In addition to GFR, many risk factors for CIN can be detected by history-taking and physical examinations. For outpatient radiological studies where Scr data are unavailable, Choyke's questionnaire or a dipstick test for urine protein can be used to identify high-risk patients.18,33 For patients undergoing PCI, Mehran's model, which includes preprocedural and periprocedural risk factors, is a simple method capable of predicting the risk of CIN.34 Mehran's model of risk factor scoring includes congestive heart failure, hypotension, use of intra-aortic balloon pumps, age >75 years, anemia, diabetes, contrast volume, and GFR, and an increased score is strongly associated with CIN [ranging from 8.4% (low-risk score) to 55.9% (high-risk score)]. Moreover, Brown's model, which includes preprocedural risk factors, has been validated for the prediction of serious renal dysfunction or the need for dialysis after PCI.35 Preprocedure Scr (37%), congestive heart failure (24%), and diabetes (15%) were found to account for 76% of the predictive ability of Brown's model, with the remaining 24% being attributable to urgent and emergent priority (10%), preprocedural intra-aortic balloon pump use (8%), age ≥80 years (5%), and female sex (1%). Although many risk factors have been identified, different studies have produced conflicting results.29 Clinical practitioners should pay attention to potentially modifiable risk factors. Whenever possible, the risk of CIN can be reduced by stopping the use of nephrotoxic drugs, improving heart function or hemodynamic status prior to examinations, using nonionic low-osmolar or iso-osmolar CM, avoiding repeat CM injections, and using a smaller volume of CM.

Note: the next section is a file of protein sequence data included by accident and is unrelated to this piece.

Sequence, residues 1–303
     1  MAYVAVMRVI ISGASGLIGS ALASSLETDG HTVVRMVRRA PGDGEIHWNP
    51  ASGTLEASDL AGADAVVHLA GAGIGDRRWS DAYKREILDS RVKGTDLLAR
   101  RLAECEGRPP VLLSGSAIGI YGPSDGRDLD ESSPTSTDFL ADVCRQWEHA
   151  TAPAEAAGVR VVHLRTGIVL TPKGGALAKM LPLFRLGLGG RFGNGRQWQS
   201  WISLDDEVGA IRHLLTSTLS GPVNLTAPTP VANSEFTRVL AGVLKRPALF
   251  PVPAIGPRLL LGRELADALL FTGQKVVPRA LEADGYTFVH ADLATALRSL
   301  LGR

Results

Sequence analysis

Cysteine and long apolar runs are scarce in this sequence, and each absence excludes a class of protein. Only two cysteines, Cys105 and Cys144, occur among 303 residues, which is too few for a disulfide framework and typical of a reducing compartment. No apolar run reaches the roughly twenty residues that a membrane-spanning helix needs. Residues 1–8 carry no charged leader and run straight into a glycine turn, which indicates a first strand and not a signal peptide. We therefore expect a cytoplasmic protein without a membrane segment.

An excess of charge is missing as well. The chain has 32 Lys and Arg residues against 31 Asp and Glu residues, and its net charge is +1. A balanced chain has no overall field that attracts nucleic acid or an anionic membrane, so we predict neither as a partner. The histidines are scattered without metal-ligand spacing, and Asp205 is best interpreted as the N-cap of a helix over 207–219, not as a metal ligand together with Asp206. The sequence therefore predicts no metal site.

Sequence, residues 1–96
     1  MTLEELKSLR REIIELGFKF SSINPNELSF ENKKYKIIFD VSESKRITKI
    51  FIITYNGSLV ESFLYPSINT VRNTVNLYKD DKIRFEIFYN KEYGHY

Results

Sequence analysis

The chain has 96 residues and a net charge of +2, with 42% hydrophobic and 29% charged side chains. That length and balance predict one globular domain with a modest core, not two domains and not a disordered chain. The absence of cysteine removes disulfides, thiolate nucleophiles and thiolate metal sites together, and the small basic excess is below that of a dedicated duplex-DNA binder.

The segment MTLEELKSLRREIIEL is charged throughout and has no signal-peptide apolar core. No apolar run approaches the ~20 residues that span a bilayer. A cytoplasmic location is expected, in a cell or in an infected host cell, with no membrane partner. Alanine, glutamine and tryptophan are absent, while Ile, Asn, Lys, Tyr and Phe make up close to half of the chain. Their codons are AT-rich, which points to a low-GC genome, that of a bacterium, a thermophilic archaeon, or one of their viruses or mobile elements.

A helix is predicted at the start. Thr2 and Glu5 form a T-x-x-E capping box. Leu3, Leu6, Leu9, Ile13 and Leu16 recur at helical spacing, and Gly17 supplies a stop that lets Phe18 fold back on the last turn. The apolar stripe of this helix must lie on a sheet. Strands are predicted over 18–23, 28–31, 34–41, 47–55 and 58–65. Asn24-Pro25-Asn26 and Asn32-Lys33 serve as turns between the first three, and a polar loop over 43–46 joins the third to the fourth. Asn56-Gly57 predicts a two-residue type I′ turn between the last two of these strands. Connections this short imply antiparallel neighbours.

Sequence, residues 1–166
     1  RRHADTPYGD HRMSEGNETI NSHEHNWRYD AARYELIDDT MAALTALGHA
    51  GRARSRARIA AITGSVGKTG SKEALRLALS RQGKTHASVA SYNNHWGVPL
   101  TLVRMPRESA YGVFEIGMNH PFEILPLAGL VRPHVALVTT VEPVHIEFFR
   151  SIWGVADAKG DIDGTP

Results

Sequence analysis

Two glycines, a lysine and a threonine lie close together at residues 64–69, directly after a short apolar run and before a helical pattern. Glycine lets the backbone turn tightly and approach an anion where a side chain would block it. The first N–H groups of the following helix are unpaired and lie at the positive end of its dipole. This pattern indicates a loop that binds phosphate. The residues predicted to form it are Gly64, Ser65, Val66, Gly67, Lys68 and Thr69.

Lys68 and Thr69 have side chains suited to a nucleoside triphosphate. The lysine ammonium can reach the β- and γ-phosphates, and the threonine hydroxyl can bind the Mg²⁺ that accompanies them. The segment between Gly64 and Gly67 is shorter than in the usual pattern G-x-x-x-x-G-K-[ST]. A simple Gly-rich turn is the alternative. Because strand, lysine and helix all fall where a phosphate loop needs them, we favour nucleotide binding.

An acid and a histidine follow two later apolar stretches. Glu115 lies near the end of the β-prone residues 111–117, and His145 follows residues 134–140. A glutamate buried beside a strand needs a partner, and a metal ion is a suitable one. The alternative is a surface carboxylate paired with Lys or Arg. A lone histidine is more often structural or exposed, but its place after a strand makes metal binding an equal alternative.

4. Type and volume of CM in CIN

    4.1. Types of CM

    CM are traditionally classified according to their osmolality: high-osmolar CM (HOCM), >1500 mOsm/kg (i.e., 5–8 times plasma); low-osmolar CM (LOCM), 550–850 mOsm/kg (i.e., 2–3 times plasma); and iso-osmolar CM (IOCM), 290 mOsm/kg (i.e., isotonic to plasma).36 However, products containing different concentrations of iodine can change their osmolality and viscosity properties, which are important for the development of CIN. The characteristics of commonly used CM are listed in Table 2. Compared with HOCMs, LOCMs have a lower risk of CIN in both patients with existing renal failure (OR = 0.5, CI = 0.36–0.68) and in those without prior renal failure (OR = 0.75, CI = 0.52–1.1).37 The risk of CIN with two LOCMs, iohexol and ioxaglate, has been found to be higher than other LOCMs (e.g., iopamidol, iopramide, ioversol) and the IOCM iodixanol in many studies.27,38 Some randomized controlled trials have reported that iodixanol is not associated with a lower incidence of CIN compared with LOCMs.27,39 Other studies, by contrast, have shown that iodixanol is associated with lower rates of CIN compared with LOCMs, especially with intra-arterial administration or in patients with CKD or CKD + diabetes.40,41 Although the lower osmolality of IOCMs may decrease the incident adverse effects, the higher viscosity of IOCMs may block this protective benefit in comparison with LOCMs. To date, no consensus has been reached on the relative importance of osmolality and viscosity.42 The current guidelines of the American College of Cardiology/American Heart Association recommend the use of either IOCMs or LOCMs other than iohexol and ioxaglate in patients with CKD undergoing angiography.43

    Table 2:
    Characteristics of some contrast media.

    4.2. Volume of CM